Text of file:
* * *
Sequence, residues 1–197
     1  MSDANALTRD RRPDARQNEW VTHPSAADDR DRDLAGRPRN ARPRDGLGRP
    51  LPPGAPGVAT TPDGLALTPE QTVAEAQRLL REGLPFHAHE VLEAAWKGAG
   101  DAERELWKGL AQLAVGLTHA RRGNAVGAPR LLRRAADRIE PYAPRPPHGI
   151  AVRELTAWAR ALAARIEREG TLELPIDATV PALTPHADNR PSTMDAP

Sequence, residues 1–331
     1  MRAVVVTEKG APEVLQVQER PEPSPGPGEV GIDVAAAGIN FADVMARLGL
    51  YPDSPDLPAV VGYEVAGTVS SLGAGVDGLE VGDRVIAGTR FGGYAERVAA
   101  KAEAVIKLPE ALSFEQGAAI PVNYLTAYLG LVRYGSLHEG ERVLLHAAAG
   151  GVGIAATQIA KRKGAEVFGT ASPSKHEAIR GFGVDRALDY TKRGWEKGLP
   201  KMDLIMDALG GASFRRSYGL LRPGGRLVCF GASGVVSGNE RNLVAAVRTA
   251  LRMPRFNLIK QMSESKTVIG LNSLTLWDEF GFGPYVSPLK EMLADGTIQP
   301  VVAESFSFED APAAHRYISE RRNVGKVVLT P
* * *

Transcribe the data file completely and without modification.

Sequence, residues 1–197
     1  MSDANALTRD RRPDARQNEW VTHPSAADDR DRDLAGRPRN ARPRDGLGRP
    51  LPPGAPGVAT TPDGLALTPE QTVAEAQRLL REGLPFHAHE VLEAAWKGAG
   101  DAERELWKGL AQLAVGLTHA RRGNAVGAPR LLRRAADRIE PYAPRPPHGI
   151  AVRELTAWAR ALAARIEREG TLELPIDATV PALTPHADNR PSTMDAP

Sequence, residues 1–331
     1  MRAVVVTEKG APEVLQVQER PEPSPGPGEV GIDVAAAGIN FADVMARLGL
    51  YPDSPDLPAV VGYEVAGTVS SLGAGVDGLE VGDRVIAGTR FGGYAERVAA
   101  KAEAVIKLPE ALSFEQGAAI PVNYLTAYLG LVRYGSLHEG ERVLLHAAAG
   151  GVGIAATQIA KRKGAEVFGT ASPSKHEAIR GFGVDRALDY TKRGWEKGLP
   201  KMDLIMDALG GASFRRSYGL LRPGGRLVCF GASGVVSGNE RNLVAAVRTA
   251  LRMPRFNLIK QMSESKTVIG LNSLTLWDEF GFGPYVSPLK EMLADGTIQP
   301  VVAESFSFED APAAHRYISE RRNVGKVVLT P